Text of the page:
Dārṣṭāntika

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The Dārṣṭāntika were an early Buddhist school identified as a branch of the Sarvāstivādins.[1]

Jan Westerhoff states:

The Dārṣṭāntika school, which is described in Abhidharma treatises as disagreeing with the Sarvāstivāda tradition, was closely related to the Sautrāntika, but the exact nature of their relation is not entirely clear. It may be that the Dārṣṭāntikas represent an earlier school and that the Sautrāntikas split off from this,[2] though Yaśomitra claims that the Dārṣṭāntikas are a particular type of Sautrāntikas, not the other way round.[3] Matters are further complicated by the fact that when both schools are referred to the term Dārṣṭāntika frequently appears to have a pejorative ring to it, a connotation not present in the case of the term Sautrāntika.[4] Their name, derived from dṛṣtānta (‘example’), may result from the assumption that they ‘were known for their active effort in popularizing the Buddha’s teachings, employing poetry and possibly other literary devices…and were particularly skilled in utilizing similes and allegories in demonstrating the Buddhist doctrines’.[5][6]

According to Charles Willemen, the Dārṣṭāntikas are the Sarvāstivādins who kept the long, traditional vinaya, in contrast to the shorter Dasabhanavara of the Vaibhāṣika school.[1]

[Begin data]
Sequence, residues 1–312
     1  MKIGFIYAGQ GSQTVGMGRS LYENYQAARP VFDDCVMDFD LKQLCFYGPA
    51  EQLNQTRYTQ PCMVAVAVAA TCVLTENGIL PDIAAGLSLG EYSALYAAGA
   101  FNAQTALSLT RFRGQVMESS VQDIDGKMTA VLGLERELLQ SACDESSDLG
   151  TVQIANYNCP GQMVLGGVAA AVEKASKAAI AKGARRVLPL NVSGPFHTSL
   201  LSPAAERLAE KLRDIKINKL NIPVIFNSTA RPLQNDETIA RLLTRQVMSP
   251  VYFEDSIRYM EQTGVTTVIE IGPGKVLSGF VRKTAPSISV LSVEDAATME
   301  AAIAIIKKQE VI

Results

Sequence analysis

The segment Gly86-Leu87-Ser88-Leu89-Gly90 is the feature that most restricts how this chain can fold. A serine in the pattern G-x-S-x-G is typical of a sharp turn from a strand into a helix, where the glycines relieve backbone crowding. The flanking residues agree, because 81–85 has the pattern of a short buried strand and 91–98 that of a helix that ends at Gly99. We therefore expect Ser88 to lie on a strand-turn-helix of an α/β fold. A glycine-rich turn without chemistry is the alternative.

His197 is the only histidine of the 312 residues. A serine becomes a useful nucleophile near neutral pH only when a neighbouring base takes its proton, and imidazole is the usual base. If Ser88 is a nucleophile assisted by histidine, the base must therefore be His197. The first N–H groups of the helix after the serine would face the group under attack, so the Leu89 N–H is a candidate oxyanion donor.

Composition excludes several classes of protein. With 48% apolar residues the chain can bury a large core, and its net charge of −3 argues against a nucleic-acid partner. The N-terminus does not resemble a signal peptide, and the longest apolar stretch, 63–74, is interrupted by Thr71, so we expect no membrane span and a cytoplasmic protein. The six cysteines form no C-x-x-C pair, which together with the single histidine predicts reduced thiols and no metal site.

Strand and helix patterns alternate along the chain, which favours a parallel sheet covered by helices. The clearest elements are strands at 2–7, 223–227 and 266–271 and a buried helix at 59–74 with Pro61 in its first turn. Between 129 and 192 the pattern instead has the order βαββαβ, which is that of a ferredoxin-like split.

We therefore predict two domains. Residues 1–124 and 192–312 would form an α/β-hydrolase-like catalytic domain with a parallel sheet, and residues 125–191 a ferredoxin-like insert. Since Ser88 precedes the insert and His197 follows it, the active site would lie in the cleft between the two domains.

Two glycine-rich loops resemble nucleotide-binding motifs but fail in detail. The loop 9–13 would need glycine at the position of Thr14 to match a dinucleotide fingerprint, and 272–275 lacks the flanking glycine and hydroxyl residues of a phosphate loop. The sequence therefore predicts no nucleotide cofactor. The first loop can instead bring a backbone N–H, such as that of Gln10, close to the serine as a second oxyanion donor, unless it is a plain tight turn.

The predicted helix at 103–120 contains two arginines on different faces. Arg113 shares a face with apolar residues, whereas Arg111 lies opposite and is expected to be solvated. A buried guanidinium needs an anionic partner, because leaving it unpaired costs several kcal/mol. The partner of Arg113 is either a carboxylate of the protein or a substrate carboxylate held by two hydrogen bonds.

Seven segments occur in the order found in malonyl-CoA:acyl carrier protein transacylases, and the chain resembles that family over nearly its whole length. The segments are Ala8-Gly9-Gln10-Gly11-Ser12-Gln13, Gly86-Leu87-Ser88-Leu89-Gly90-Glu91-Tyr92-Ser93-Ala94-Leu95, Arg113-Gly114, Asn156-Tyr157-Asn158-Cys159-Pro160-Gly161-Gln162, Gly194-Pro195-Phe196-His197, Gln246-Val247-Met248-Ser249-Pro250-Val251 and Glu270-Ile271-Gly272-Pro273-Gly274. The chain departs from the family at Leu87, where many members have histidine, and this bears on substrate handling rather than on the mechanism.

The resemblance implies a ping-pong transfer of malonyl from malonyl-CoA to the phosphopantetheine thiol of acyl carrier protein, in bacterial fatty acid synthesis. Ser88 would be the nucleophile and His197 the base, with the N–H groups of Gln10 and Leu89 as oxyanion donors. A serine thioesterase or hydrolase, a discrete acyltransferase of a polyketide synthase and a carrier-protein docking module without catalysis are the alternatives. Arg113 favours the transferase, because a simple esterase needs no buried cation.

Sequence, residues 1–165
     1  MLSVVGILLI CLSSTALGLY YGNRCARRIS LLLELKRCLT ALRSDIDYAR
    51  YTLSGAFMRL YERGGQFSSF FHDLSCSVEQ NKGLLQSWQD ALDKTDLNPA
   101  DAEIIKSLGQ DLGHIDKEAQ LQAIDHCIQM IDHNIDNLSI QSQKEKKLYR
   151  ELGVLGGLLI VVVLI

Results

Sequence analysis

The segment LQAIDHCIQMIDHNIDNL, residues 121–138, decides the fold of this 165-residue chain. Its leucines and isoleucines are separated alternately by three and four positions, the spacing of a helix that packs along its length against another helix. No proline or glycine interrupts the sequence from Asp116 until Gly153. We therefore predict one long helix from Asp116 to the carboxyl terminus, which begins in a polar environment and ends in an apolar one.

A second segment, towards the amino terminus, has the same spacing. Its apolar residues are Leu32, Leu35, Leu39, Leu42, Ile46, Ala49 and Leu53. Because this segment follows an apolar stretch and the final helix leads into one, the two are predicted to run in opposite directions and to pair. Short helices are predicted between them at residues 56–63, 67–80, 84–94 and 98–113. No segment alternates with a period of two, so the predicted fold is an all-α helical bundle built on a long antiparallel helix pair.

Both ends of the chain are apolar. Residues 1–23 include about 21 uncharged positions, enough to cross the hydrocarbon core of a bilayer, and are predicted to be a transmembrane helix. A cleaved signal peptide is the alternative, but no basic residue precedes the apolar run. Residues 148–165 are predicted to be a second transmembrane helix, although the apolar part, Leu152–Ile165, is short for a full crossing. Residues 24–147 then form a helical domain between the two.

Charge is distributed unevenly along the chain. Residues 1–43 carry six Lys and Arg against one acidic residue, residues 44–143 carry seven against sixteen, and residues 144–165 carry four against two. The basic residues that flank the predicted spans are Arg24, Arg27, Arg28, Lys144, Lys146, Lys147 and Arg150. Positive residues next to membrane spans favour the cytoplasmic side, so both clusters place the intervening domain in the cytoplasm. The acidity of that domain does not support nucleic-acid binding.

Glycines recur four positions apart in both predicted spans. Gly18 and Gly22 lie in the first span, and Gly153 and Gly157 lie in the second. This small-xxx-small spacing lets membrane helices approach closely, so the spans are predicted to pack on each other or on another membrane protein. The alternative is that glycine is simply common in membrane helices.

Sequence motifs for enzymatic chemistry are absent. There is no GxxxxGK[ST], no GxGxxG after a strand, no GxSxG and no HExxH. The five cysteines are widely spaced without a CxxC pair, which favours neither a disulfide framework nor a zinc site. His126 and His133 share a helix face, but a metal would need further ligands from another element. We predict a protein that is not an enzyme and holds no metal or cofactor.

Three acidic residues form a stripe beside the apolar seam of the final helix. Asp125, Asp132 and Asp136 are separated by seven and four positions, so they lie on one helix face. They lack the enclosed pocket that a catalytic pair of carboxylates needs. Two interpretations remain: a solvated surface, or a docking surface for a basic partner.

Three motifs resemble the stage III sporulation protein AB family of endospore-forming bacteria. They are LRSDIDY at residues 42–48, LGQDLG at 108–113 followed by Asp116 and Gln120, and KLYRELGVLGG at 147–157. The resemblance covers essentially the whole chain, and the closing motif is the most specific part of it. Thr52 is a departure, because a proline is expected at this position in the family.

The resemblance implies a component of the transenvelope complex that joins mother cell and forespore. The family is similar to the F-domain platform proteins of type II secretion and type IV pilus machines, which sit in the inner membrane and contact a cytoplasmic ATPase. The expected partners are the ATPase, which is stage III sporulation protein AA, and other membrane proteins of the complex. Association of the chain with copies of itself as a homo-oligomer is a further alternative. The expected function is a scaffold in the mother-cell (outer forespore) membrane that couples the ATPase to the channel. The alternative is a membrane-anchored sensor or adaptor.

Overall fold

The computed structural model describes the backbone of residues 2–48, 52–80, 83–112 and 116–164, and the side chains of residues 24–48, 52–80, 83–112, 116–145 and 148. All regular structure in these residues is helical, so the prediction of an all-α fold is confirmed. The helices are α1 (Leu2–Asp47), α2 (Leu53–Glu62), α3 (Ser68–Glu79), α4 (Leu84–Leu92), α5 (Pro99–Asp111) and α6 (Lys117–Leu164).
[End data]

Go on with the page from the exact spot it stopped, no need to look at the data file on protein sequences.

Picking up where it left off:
Note that term Dārṣṭāntika has sometimes been used interchangeably with Sautrāntika in some commentaries.

References

  1. 1.0 1.1 Charles Willemen. Email conversation with Dorje108. July 8, 2020
  2. Westerhoff cites: Willemen, Dessein, and Cox 1998:108
  3. Westerhoff cites: Cox 1988:70, n. 4
  4. Westerhoff cites: Willemen, Dessein, and Cox 1998:108
  5. Westerhoff cites: Bhikkhu Dhammajoti 2009:74
  6. Westefhoff 2018, "The Abhidharma Schools".


Sources

  • Book icoline.svg Westerhoff, Jan (2018), The Golden Age of Indian Buddhist Philosophy (Kindle ed.), Oxford University Press 

Further reading

  • Cox, Collet (1988), "On the possibility of a nonexistent object of consciousness: Sarvāstivādin and Dārṣṭāntika theories", Journal of the International Association of Buddhist Studies, 11: 31–87 
  • Cox, Collet (1995), "2.2: Dārṣṭāntikas and Sautrāntikas", Disputed Dharmas: Early Buddhist Theories on Existence, Tokyo: The International Institute of Buddhist Studies 
  • Dhammajoti, Bhikkhu K. L. (2009), Sarvāstivāda Abhidharma (4th ed.), Center of Buddhist Stuides, University of Hong Kong 
  • Willemen, Charles; Dessein, Bart; Cox, Collet (1998), Sarvastivada Buddhist Scholasticism, Brill